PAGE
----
George Brandis talks timeline for children’s removal from Nauru

Amanda Lyons

1/11/2018 11:07:00 AM

The former Attorney-General and current High Commissioner to the UK has declared all asylum seeker children are likely to be removed from Nauru by the end of this year.

High Commissioner to the UK George Brandis has told a British radio program that all asylum seeker children will be removed from Nauru by the end of the year. (Image: Lukas Coch)
High Commissioner to the UK George Brandis has told a British radio program that all asylum seeker children will be removed from Nauru by the end of the year. (Image: Lukas Coch)

Mr Brandis made the comment during an interview on British talkback station LBC while defending the Australian Government’s policy on asylum seekers, particularly with regards to children.
‘This is a problem that has largely gone away. There are hardly any children in Nauru and in New Guinea, and we expect that by the end of this year there’ll be none,’ he said.
RACGP President Dr Harry Nespolon, who had previously been concerned that the care received by refugees and asylum seekers is ‘anything but acceptable’, has welcome the decision.
‘The RACGP has strongly advocated against detaining children on Nauru, so the announcement by Mr Brandis yesterday is a positive step forward,’ Dr Nespolon told newsGP.

‘We have been extremely worried about the health and safety of these vulnerable people.
‘The healthcare of asylum seekers and refugees in detention, whether offshore, onshore or community detention, should be commensurate with Australian standards of health.’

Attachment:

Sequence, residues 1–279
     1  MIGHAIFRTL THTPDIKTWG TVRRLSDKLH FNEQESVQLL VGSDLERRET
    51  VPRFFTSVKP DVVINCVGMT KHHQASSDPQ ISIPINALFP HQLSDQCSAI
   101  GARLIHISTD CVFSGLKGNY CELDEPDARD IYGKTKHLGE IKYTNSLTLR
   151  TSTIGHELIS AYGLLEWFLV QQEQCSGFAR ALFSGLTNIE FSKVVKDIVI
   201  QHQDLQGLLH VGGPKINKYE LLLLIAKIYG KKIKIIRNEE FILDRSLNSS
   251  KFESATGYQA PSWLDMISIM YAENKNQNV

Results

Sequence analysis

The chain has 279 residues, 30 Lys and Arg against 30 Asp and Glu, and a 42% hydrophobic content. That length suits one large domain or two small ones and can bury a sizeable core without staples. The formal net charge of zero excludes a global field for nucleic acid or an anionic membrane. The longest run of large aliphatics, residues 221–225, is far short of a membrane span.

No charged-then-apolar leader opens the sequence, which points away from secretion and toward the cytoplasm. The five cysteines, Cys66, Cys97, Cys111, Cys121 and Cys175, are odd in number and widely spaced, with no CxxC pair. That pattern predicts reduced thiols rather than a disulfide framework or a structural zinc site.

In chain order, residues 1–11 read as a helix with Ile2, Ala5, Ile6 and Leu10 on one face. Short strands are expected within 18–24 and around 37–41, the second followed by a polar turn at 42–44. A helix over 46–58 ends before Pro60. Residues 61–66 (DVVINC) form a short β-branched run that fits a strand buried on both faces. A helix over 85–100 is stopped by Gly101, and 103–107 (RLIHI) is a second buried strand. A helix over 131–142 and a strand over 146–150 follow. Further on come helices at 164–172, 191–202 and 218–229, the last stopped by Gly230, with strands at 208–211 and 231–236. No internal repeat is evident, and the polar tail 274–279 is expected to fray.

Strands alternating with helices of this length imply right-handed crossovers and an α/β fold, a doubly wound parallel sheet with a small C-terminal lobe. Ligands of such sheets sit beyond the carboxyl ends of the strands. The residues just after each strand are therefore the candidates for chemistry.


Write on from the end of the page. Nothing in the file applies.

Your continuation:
Mr Brandis’ statement comes after weeks of pressure from the Australian public, healthcare professionals, opposition MPs and even MPs within the Coalition to remove the children – a process which has already started with the transfer of a number of refugee and asylum seeker families to Adelaide.
‘In the last month, at least four – maybe seven – families have arrived here,’ Founder of the Welcome to Australia advocacy group, pastor Brad Chilcott, told ABC Radio Adelaide.
‘The Government is finally responding to the humanitarian and medical crisis that’s going on for people on Nauru, and children in particular.’
However, the Australian Government has also been keen to assert that it actions do not signal a softening of its stance on border protection, and Mr Chilcott said the transferred families still face considerable uncertainty.
‘It’s really concerning that these families, even though they are here, don’t know what happens next,’ he said.
Prime Minister Scott Morrison has also confirmed the Government’s intention to remove the children from Nauru, and emphasised its discretion in doing so.
‘In the last nine weeks, the number of children on Nauru has halved. So we’ve been getting about this quietly. We haven’t been showboating about it,’ he said.
Prime Minister Morrison further emphasised that asylum seeker children on Nauru are living on the island itself, rather than in detention, and that accusations of unacceptable living conditions are disrespectful to the Nauruan people.
But Liberal MP Julia Banks disputed this assertion.
‘It is wrong to say these children and their families are not detained,’ she said.
‘Sure, they are not behind bars and they can walk about freely. But the will, especially the will of a parent with a sick child wanting help, it’s a detention of their mind and their spirit.’
Two hundred children have already been transferred to Australia from Nauru, with 50 children remaining. However, the Australian Government will still be attending court to challenge the federal court’s authority to order medical transfers for refugees and asylum seekers from the island.

The RACGP came together with the Royal Australian College of Physicians, the Australia College for Emergency Medcine and the Australian Medical Students' Association in September to create the #doctorsforasylumseekers social media campaign.

Children in detention Nauru refugee health

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